8. Balance and fairness: Principle 1, accuracy, fairness and balance, provides that in matters of controversy, a fair voice must be given to the opposition view. The comment complained of in the article is controversial, and no counterbalancing view is given. It would have been possible to approach the scientists concerned or the Department of Conservation, or any number of authoritative science sources for a quick comment, to provide some balance against the controversial views of Mr Cochrane. Later coverage gave a counterbalancing view, but this was not a well known, ongoing debate where latitude might be given for a single unbalanced report. The complainants, a group of professional scientists, clearly believe damage was done by the unbalanced report.

9. The Council agrees with the editor that this was a story worthy of reporting, and that the consequences of its publication went some way to address balance. But in the Council’s view, damage was done by the unrelievedly derogatory, denigratory and sexist view covered so strongly by the headline, lead sentence and the further reporting in the article, of Mr Cochrane’s views on “chick scientists”. This supports the complainants’ view that the story “normalises and perpetuates sexism in society” and in relation to women in science, and was not balanced. It is regrettable that the Stuff story, although a strong and valuable piece of reporting, had no balancing comment at all.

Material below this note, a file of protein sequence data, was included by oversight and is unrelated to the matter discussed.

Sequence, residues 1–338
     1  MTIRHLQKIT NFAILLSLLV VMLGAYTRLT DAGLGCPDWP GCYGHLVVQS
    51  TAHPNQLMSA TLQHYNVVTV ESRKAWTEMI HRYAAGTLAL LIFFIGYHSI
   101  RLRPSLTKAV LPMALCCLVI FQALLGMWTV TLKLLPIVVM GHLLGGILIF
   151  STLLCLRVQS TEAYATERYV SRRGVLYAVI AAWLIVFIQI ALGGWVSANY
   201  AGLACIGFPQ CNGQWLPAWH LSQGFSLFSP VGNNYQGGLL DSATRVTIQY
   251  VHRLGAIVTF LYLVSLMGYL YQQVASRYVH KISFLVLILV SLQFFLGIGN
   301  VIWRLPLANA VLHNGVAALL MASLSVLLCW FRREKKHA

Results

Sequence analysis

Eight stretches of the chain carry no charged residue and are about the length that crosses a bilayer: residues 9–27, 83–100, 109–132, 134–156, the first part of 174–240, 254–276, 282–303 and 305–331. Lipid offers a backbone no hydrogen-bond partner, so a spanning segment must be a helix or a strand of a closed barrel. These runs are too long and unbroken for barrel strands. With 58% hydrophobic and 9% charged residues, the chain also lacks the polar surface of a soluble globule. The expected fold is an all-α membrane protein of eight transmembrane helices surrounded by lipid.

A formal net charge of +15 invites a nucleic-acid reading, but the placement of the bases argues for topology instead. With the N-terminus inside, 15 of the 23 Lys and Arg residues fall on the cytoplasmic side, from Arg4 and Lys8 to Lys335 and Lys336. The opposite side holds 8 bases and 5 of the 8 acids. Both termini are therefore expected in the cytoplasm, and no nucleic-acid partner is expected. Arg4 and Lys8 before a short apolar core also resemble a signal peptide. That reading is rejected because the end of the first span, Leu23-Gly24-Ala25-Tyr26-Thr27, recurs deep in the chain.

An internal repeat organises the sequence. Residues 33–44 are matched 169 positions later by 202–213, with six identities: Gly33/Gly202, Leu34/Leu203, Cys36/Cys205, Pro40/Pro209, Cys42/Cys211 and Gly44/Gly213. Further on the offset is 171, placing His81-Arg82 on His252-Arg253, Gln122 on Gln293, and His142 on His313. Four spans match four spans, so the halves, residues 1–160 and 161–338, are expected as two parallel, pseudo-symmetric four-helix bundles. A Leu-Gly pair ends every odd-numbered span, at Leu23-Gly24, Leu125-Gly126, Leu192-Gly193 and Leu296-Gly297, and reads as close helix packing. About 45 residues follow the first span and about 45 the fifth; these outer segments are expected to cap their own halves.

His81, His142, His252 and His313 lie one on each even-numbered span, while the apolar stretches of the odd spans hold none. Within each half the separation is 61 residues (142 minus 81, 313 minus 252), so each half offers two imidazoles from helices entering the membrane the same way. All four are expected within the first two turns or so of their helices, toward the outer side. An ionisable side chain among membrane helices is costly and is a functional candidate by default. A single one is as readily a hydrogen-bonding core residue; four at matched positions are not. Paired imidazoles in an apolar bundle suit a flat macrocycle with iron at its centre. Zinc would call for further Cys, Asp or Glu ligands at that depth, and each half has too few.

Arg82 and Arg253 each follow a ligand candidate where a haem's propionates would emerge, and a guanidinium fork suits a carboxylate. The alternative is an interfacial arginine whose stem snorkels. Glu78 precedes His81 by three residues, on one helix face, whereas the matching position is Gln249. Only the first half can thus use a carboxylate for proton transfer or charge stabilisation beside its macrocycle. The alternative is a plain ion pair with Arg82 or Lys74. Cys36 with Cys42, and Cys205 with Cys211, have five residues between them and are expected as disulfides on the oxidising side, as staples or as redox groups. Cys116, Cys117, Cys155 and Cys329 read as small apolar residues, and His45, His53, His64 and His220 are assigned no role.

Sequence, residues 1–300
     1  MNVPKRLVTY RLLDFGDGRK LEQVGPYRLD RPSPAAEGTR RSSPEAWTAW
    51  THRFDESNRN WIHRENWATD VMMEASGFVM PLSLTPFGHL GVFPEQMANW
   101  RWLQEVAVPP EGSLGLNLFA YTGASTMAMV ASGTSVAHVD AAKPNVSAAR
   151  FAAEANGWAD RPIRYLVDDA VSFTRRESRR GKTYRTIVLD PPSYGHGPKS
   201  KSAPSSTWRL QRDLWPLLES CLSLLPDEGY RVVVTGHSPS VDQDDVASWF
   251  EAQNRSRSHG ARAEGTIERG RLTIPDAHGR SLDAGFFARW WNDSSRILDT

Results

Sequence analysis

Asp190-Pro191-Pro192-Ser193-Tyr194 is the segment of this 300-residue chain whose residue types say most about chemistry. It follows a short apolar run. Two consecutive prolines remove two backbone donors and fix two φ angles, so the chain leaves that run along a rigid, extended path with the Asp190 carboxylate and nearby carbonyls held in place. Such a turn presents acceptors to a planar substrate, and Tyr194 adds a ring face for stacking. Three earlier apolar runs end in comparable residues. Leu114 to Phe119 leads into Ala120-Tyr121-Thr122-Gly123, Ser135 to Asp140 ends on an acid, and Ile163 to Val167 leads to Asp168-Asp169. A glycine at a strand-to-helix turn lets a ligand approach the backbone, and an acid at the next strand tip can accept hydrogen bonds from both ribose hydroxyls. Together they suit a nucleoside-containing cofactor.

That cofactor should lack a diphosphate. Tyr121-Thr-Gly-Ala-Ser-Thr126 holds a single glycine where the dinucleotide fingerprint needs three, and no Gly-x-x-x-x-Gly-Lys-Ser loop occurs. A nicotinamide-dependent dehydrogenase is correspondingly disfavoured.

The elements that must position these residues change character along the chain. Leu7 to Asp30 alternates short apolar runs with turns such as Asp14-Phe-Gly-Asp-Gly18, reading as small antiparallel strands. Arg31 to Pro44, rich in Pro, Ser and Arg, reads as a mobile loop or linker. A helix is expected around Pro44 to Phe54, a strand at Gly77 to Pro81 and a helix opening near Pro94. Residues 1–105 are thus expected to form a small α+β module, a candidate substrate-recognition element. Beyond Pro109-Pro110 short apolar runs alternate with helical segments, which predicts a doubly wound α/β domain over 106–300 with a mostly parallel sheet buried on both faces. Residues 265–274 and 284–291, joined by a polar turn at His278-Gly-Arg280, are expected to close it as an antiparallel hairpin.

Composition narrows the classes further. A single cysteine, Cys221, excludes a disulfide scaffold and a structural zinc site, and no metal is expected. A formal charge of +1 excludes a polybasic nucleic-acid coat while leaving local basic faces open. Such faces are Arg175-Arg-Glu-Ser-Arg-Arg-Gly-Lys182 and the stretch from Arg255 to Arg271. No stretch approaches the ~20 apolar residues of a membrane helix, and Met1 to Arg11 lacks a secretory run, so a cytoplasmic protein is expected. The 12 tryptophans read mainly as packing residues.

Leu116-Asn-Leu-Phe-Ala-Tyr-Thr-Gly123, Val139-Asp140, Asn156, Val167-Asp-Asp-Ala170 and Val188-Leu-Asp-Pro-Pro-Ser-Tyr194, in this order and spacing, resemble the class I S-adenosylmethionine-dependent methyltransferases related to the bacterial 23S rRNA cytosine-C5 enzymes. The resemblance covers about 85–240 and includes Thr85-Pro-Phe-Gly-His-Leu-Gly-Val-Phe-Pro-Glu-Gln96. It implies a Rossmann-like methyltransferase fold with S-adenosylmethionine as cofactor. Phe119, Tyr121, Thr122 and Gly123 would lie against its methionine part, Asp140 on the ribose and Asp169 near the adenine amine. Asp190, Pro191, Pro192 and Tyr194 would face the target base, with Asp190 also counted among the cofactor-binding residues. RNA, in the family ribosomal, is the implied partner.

10. The complaint on fairness and balance is upheld by a majority of Council members:Hon Raynor Asher, Liz Brown, Hank Schouten, Marie Shroff and Pravina Singh.

Dissent

Four members of the Media Council, Jo Cribb, Craig Cooper, Jonathan MacKenzie and Tim Watkin, dissented from the majority decision and would not have upheld any aspect of the complaint.

The comments that Mr Cochrane made are derogatory, denigratory and sexist. As dissenters, we agree with the complainant that the comments "normalise and perpetuate sexism and society".

The media has an important role in ensuring the public knows when those in positions of authority behave in such a way. 'Sunlight' is a powerful tool in challenging such unacceptable behaviour. ThatStuff did so decisively (with a clear headline) and with follow up articles should be celebrated. This resulted in a public outcry against Mr Cochrane, including calls for his resignation.

As dissenters, we do not wish to dissuade publications from highlighting unacceptable behaviour from public figures. Indeed we wish to encourage it. We would not have upheld this complaint, instead focused on acknowledging how important such reporting is.

Rosemary Barraclough stood down so a public member majority was maintained.